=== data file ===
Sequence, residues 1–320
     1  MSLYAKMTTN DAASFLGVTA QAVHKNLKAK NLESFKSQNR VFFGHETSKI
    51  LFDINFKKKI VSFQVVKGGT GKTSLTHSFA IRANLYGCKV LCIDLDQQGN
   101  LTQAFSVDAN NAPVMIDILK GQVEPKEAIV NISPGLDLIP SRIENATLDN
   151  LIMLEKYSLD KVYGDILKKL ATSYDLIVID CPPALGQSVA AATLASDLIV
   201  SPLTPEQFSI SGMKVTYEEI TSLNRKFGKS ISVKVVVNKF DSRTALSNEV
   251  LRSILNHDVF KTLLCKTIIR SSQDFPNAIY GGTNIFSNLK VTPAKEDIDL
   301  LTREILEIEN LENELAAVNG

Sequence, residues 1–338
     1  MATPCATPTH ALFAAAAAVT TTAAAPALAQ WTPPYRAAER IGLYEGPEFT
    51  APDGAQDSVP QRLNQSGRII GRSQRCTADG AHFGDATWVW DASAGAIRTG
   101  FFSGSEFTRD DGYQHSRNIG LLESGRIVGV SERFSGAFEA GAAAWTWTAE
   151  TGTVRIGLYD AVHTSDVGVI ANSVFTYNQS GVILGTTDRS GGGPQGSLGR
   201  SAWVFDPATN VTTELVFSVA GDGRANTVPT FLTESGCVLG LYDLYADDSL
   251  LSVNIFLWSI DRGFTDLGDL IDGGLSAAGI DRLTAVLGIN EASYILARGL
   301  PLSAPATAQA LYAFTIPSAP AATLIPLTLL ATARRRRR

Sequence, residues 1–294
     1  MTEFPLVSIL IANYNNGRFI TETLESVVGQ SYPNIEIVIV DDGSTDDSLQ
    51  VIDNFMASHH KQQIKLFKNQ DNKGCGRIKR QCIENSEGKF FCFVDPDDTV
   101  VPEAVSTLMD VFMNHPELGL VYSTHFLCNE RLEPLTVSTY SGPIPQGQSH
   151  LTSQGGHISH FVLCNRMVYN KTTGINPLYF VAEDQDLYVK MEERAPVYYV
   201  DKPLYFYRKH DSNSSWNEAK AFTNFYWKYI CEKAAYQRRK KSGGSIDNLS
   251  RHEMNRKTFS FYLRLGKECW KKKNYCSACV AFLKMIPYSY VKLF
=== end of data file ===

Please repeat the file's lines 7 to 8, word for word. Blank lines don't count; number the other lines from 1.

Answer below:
   251  LRSILNHDVF KTLLCKTIIR SSQDFPNAIY GGTNIFSNLK VTPAKEDIDL
   301  LTREILEIEN LENELAAVNG